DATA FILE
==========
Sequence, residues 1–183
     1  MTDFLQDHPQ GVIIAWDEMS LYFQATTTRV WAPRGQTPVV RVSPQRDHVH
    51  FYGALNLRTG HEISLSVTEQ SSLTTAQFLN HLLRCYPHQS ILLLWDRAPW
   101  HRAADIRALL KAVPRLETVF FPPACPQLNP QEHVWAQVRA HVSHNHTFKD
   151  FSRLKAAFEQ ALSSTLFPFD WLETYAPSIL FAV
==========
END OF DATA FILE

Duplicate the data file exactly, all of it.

Sequence, residues 1–183
     1  MTDFLQDHPQ GVIIAWDEMS LYFQATTTRV WAPRGQTPVV RVSPQRDHVH
    51  FYGALNLRTG HEISLSVTEQ SSLTTAQFLN HLLRCYPHQS ILLLWDRAPW
   101  HRAADIRALL KAVPRLETVF FPPACPQLNP QEHVWAQVRA HVSHNHTFKD
   151  FSRLKAAFEQ ALSSTLFPFD WLETYAPSIL FAV